which is a series of pairs of steps each about 24 inches high which
leave me at a stumbling pace by the top. And we get to do this for
At the race start we had gusting winds of 30+ mph, temperatures in the
mid 30’s and heavy rain. I had a terrific start today and followed Jeff
Appeltans and Al Blanchard into the trails and down onto the beach. I
actually felt very good running across the beach and I remained in the
top 5 for the first couple of laps.
But about half way through the race
my bike’s shifters clogged with sand and mud and I could not change
gears. I made the switch to my spare bike but in the transition I lost
time on the group I was with and had trouble making it up. The efforts
and the cold weather started to lock my legs up and the run up the
amphitheater became SLOW. I was going the best I could but two more
riders were able to catch me and leave me behind to finish in 8th
At the finish my heart was racing and I was plenty warm so I rode
around for just a few minutes to recover. This was a mistake because by
the time I made it back to my van I was hypothermic and shaking
crazily. Paul had the van on with the heat rolling and with his help I
was able to get my soaking wet racing kit off and into dry clothes. It
is amazing how luxurious an old pair of jeans and a sweatshirt can feel
when you are that cold and wet!
Cross Blog 2013 #9
October 20th 2013
West Chester Cross
This weekend we returned to Bayard Rustin High School in the West Chester area for round 3 of the Pennsylvania Cyclo Cross Series. This is a well-designed course (courtesy of Bob Reuther) with a good flow, some hills and some power sections. We raced nearly the same course last year where I had a strong showing coming in 3rd so I was looking forward to this year’s event. After yesterday’s strong race, I was even more optimistic for today as my form is clearly getting better.
The start of the race went poorly for me. A last minute change to the opening part of the race for us came as a surprise to me and as a result I was not prepared with a plan. At the beginning I got “pinched” toward a curb on the right side so I eased up to make it around safely, BUT this put me back in the pack. Due to the change, after another 5 seconds we launched off the pavement into a “double track” section of the fields which then narrowed further through an early turn. Because of this early narrowing the race strung out immediately before it had time to sort out and gaps opened up. I was too far back and could only watch the leading group get away.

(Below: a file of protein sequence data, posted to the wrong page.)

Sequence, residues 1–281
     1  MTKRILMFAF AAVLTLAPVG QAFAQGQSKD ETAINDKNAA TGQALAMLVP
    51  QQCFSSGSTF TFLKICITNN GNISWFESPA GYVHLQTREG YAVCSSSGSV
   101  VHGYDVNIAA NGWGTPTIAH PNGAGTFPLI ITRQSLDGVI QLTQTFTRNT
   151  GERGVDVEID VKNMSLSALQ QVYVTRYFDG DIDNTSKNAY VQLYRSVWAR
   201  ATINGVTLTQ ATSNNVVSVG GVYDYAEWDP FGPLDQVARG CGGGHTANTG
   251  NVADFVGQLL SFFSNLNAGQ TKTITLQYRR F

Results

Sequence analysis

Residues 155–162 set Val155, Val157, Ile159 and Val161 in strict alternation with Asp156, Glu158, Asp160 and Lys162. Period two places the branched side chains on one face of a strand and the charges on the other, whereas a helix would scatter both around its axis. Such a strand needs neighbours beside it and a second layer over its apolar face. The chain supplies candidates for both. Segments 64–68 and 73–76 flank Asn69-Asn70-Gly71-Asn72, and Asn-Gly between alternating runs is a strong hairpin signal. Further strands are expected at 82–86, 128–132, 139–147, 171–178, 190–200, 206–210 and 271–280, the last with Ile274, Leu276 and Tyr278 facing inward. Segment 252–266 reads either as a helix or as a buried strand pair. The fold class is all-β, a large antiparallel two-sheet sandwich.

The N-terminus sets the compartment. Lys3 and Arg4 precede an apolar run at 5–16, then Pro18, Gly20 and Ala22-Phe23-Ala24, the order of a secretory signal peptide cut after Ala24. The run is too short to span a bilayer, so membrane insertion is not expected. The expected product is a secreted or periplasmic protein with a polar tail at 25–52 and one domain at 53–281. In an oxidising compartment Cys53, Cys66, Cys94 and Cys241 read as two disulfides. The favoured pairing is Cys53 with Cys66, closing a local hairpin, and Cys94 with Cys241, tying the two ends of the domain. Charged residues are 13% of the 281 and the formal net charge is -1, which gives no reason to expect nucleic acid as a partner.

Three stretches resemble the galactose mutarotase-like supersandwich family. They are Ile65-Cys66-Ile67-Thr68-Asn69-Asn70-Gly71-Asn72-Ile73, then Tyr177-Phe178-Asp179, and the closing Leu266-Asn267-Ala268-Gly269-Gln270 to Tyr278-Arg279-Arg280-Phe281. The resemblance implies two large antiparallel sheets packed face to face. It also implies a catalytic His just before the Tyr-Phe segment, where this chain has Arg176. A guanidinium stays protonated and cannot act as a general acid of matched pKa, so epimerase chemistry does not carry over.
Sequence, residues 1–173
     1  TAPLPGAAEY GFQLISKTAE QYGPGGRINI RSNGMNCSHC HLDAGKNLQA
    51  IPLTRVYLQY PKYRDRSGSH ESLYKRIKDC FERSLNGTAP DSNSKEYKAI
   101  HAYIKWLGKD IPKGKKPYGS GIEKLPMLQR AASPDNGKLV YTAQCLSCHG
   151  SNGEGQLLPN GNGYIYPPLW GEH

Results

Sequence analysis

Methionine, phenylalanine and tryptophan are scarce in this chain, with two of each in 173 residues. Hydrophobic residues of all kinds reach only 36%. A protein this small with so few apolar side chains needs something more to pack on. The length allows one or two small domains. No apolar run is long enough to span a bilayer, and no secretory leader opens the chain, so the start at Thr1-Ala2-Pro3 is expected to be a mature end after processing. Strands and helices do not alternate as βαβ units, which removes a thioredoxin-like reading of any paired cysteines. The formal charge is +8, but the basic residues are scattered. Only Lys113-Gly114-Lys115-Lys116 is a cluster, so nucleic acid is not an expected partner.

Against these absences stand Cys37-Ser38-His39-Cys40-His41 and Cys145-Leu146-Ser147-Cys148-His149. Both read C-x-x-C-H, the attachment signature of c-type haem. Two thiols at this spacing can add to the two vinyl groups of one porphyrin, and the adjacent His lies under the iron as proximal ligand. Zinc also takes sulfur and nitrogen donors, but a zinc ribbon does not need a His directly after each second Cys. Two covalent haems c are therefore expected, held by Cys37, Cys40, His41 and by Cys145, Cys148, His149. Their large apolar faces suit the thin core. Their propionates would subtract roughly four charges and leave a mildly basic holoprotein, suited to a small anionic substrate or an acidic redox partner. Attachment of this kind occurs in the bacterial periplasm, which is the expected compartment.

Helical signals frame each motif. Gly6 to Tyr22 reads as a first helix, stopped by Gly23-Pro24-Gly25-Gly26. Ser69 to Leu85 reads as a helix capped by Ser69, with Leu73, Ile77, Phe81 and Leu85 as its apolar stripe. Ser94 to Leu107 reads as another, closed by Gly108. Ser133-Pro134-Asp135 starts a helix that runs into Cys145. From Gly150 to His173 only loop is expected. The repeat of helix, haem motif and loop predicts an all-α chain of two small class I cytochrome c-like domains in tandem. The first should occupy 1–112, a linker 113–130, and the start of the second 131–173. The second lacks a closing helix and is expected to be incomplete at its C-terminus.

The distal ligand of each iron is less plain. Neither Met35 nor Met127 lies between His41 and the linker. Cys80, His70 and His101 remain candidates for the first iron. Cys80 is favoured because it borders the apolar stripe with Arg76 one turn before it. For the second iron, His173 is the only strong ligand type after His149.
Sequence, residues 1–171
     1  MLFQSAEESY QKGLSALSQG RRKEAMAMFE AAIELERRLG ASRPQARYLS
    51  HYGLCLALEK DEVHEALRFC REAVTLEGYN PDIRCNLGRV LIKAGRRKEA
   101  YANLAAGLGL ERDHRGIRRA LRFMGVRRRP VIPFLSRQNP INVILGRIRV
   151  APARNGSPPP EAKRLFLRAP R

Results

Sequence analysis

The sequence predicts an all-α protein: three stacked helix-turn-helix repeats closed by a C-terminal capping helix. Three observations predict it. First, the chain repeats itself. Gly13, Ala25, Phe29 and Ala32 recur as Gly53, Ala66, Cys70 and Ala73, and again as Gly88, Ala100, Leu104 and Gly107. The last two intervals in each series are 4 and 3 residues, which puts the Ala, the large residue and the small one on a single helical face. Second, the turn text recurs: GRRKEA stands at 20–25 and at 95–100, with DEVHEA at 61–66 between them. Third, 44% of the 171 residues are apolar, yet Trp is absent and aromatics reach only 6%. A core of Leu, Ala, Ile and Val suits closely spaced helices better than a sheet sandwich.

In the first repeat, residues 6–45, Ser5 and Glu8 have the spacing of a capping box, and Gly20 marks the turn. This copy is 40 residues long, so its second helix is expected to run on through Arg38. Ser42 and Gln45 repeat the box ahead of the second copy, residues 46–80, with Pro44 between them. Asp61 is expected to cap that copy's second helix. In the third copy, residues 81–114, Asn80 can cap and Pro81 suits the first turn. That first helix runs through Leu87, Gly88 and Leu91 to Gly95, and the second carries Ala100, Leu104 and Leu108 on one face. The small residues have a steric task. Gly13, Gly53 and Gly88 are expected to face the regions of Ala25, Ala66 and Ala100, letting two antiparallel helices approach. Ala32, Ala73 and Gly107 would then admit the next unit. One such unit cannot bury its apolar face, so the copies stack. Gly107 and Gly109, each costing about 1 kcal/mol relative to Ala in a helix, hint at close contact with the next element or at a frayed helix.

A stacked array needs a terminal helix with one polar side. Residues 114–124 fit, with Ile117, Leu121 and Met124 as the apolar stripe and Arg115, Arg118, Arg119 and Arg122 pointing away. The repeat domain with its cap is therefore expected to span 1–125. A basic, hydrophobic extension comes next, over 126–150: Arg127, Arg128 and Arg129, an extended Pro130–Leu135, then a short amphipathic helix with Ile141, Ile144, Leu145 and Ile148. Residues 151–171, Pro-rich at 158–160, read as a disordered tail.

At this point I decided to race as hard as I could and move as far forward as possible. I soon started to catch guys ahead of me but saw the lead group a far distance away. Jeff Appeltans (even with a third row start he was far ahead of me) was trying desperately to bridge across a gap to the leaders. In my group I continued to move ahead. Eventually Blair Saunders came around me and I jumped onto his wheel because I knew he always finds a way to go forward. We eventually caught up to Mark Featherman and Mike Hebe but shortly after Blair crashed at the uphill barriers. Now I was in a tough trio with Featherman and Hebe, but I was feeling good and I thought Featherman was struggling so I went to the lead only to relinquish it to Mark. As we turned into the wind Mark let me come around again so I pushed hard hoping to move forward AND to drop Mark and Mike. Mark played it smartly though and let me do some hard work. When he saw me tiring he jumped around me and rode away. I tried to respond but the legs said “NO”.